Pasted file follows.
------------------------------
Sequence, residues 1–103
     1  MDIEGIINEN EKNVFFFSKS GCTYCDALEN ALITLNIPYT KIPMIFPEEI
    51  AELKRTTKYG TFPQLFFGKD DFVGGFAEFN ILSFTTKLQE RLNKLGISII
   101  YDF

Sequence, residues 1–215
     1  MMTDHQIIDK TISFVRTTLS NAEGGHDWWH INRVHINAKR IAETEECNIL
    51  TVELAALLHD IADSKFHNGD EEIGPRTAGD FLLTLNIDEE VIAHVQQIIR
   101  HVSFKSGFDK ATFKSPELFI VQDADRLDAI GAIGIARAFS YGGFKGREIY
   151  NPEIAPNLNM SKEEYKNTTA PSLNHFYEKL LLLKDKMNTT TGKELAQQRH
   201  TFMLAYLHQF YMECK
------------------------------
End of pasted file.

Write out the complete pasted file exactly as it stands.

Sequence, residues 1–103
     1  MDIEGIINEN EKNVFFFSKS GCTYCDALEN ALITLNIPYT KIPMIFPEEI
    51  AELKRTTKYG TFPQLFFGKD DFVGGFAEFN ILSFTTKLQE RLNKLGISII
   101  YDF

Sequence, residues 1–215
     1  MMTDHQIIDK TISFVRTTLS NAEGGHDWWH INRVHINAKR IAETEECNIL
    51  TVELAALLHD IADSKFHNGD EEIGPRTAGD FLLTLNIDEE VIAHVQQIIR
   101  HVSFKSGFDK ATFKSPELFI VQDADRLDAI GAIGIARAFS YGGFKGREIY
   151  NPEIAPNLNM SKEEYKNTTA PSLNHFYEKL LLLKDKMNTT TGKELAQQRH
   201  TFMLAYLHQF YMECK